The plan was to meet at the Grand Gulf ramp on the Mississippi River at 6:30. As I turned onto the dirt road to the launch, I could hardly contain my excitement. Shoot, I was even early, a known rarity. You never know what awaits you once you put in on the Big Muddy, and that excites me. Speaking of the unknown, I didn’t mention that I, nor Matt, had never laid eyes on Jerry Pierce before this trip. His email to me was the first contact of any kind that we’d ever had. Alligator season is just that special. As I laid eyes on Jerry for the first time ever, my thoughts shifted from excited to hopeful. I hoped that we could show Mr. Jerry a good time, and help him fill his remaining tag in the process.

We launched the boat and headed across the river toward Yucatan Lake. Yucatan is where I killed a twelve footer a couple of years ago and is known to hold big gators. Along the way, I kept a close watch on the radar on my phone. Things were looking bad. We made the conservative choice to head back across the river to the truck to wait out the approaching thunderstorms. It might have been the best decision we made all night. Not long after returning to the boat launch, the wind began to howl, and the night sky lit up with lightning. We waited out the storm from the friendly confines of my truck.

The “rain delay” was a good time to learn more about each other. Mr. Jerry spoke at length about his family and his time working for Cooperative Energy. I had a hard time wrapping my mind around the fact that he worked there for 50 years before retiring a couple of years ago. It was obvious that Mr. Jerry loved the outdoors and loved meeting people. I don’t think that there was a single group of fishermen or alligator hunters that came by that he didn’t talk to. He was going to fit in just fine with us. Now, we just needed to get him a gator.

When the rain subsided, we launched the boat again. We decided to head up river to Davis Island, a place Matt has had success at before. The ride up takes about thirty minutes. Thirty minutes riding up the Mississippi River in the dark seems like an eternity. We finally arrived and began the search for Mr. Jerry’s gator. We hooked into a couple of gators, but neither were quite big enough for us. Mr. Jerry would have been more than satisfied with them, but we wanted to press on in hopes of landing a real Mississippi monster. We didn’t see what we were looking for at Davis Island, so we headed back down the river toward Yucatan.

Almost immediately after entering Yucatan Lake, we had alligators everywhere. Most of them were small, but every now and then we’d catch a glimpse of a gator that would potentially meet our standards. After being hunted for almost ten days, the gators were very skittish. There’s no telling how many boats and spotlights these gators have seen in the last two weeks. Every time we’d get fairly close to a gator, he’d swirl and disappear. We also had competition in Yucatan. There were a couple of other boats hunting that seemed to dart in each time I’d spot a decent looking gator. Eventually, we moved on.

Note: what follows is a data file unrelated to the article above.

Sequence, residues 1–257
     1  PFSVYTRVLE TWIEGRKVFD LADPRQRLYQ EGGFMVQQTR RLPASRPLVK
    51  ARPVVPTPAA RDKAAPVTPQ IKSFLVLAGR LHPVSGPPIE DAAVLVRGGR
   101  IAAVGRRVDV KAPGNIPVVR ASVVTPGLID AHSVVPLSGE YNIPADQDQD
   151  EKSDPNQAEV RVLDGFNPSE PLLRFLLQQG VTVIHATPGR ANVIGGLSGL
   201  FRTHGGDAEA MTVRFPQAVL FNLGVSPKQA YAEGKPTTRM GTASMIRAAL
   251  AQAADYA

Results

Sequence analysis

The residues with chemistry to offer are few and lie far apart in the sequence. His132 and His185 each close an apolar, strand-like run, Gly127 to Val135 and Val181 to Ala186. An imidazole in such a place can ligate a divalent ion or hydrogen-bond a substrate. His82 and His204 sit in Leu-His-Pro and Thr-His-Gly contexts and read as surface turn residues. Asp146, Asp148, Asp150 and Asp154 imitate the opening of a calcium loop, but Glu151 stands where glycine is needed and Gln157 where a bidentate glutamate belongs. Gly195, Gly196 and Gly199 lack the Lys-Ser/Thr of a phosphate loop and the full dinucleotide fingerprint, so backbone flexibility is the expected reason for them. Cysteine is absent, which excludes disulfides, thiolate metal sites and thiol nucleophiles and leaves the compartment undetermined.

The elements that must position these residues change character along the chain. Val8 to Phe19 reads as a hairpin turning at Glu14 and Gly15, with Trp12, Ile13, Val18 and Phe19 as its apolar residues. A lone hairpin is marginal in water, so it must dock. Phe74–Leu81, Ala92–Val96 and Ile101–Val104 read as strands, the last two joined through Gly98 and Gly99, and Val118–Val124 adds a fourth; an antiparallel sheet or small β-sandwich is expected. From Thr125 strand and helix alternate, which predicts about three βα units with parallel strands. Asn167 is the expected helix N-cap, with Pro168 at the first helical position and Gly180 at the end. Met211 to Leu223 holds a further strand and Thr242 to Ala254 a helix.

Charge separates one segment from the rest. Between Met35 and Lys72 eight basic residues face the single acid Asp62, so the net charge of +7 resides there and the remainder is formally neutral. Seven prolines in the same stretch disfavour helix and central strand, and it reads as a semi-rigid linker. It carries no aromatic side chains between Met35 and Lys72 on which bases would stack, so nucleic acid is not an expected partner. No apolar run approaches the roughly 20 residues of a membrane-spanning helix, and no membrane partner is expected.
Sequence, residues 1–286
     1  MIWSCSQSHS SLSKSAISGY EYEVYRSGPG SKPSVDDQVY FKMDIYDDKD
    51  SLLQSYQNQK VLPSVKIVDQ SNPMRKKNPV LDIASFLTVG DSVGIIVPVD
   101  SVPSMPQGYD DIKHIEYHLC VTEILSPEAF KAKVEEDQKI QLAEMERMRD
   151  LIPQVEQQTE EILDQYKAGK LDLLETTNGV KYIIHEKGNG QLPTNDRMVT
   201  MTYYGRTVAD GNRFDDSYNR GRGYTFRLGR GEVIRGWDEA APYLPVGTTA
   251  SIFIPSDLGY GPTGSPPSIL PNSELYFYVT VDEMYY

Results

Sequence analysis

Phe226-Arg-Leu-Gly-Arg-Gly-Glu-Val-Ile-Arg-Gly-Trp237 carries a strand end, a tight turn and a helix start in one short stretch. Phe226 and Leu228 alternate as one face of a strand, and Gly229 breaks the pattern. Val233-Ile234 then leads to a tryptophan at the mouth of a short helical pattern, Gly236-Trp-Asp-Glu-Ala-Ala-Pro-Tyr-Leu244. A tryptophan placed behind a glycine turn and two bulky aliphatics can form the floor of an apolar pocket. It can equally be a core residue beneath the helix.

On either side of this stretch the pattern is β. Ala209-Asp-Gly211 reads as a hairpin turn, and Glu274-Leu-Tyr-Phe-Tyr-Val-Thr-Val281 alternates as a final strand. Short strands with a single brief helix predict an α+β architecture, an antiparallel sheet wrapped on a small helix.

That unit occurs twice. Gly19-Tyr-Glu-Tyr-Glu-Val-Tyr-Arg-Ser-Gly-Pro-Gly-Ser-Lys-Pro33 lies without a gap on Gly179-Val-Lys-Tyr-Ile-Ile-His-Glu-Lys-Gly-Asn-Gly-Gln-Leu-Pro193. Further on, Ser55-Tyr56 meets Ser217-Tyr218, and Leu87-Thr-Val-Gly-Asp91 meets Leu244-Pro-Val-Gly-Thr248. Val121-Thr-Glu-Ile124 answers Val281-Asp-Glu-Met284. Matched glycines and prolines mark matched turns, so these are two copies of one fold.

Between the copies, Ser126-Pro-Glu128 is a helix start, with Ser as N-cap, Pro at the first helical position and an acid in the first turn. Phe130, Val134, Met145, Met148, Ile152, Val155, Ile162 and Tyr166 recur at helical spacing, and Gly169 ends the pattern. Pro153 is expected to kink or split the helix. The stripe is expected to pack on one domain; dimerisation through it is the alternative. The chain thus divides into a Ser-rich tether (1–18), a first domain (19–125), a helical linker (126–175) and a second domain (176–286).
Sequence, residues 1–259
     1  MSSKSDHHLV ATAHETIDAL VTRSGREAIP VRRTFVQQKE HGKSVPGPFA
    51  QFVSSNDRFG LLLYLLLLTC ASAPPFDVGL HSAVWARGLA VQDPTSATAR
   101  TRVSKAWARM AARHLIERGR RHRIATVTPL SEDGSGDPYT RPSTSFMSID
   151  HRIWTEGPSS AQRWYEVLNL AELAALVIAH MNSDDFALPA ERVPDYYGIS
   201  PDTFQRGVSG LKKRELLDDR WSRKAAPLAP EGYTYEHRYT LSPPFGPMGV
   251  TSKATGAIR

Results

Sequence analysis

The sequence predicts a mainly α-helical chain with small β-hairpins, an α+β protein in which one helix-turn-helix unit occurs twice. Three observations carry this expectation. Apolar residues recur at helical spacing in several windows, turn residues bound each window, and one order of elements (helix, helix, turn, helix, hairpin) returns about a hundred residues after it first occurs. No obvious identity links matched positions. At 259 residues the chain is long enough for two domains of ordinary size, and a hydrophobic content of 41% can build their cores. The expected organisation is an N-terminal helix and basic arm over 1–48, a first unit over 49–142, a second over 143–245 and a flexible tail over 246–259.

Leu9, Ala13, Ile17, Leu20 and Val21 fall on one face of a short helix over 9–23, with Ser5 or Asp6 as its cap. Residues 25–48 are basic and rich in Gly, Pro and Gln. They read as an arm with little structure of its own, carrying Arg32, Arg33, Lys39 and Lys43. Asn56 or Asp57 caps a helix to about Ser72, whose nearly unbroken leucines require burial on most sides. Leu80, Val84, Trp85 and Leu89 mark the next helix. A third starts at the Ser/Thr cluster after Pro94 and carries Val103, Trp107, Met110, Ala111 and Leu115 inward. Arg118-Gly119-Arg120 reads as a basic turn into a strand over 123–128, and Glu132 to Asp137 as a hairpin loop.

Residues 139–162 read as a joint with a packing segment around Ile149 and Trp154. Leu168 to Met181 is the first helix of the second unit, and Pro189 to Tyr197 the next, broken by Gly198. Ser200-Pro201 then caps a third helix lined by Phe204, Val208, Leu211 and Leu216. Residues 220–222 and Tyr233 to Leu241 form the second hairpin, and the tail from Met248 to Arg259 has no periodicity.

We hunted all night. Just before 5:00 in the morning, we finally hooked up with a decent gator. He wasn’t quite up to our usual standards, but given how difficult it had been to see a large gator, we were more than happy to hook this one. It took a little longer than I’d like to admit to hook the gator, but I finally got him hooked and to the boat. Matt snared him and we dispatched him at 5:05. Just like that, alligator season was over for us.

Mr. Jerry was beyond giddy about his alligator. The swamp monster measured out at 8’6” long, the perfect size to eat. As I drove back home, exhausted, I thought about how neat this trip was. I was gifted another gator trip with a great friend and got to make a new friend in the process. I can’t thank Matt enough for his willingness to get up and go when I call. Friends like this are rare. And I can’t thank Mr. Jerry enough…for saving alligator season.

Weddings Can Bring Back Fond Memories

I’ve been sweating in this tuxedo for what seems like an eternity. The loft at the top of The Venue is steaming from the combination of the late August sun and the body heat of 7 other guys. The wedding isn’t until 6:00, but we’ve been instructed to be here early for the onslaught of pictures. I look down at my watch and it’s 3:30. When I raise my hand to check the time, an old familiar scar grabs my attention. I slide my arm across my body and present my battle wound to my Uncle, who is sitting next to me. “Remember that?” I ask. He laughs and nods yes. How could he forget?

My Uncle Barry and I had been trying to put together a river fishing trip for a while. Between work, family responsibilities, and a date that would work for all of us, it was nearly impossible. We finally settled on a day that worked for the two of us, and also for my dad and cousin, Hunter. The plan was to put in on the Pearl River in Georgetown and head south to the mouth of the Strong River. There was a good sandbar there to camp, and we planned to spend a couple of nights running trot lines. I’m ashamed to say that the amount of gear we brought would take two boat loads from the ramp to the sandbar.

The trip began with a bang, per usual. My dad rode up with me, which was mistake number one. By the time we arrived at the river, he was so carsick that he threw up for the next half hour at least. I’m not sure if I should have felt insulted or not. He’s told me before that he gets carsick as the passenger sometimes, but I’ve never seen someone throw up so much from riding in a car. We loaded the boat up twice while Dad got his feet underneath him enough to ride to the sandbar. We parked him in a chair underneath a canopy and began preparation for running the lines.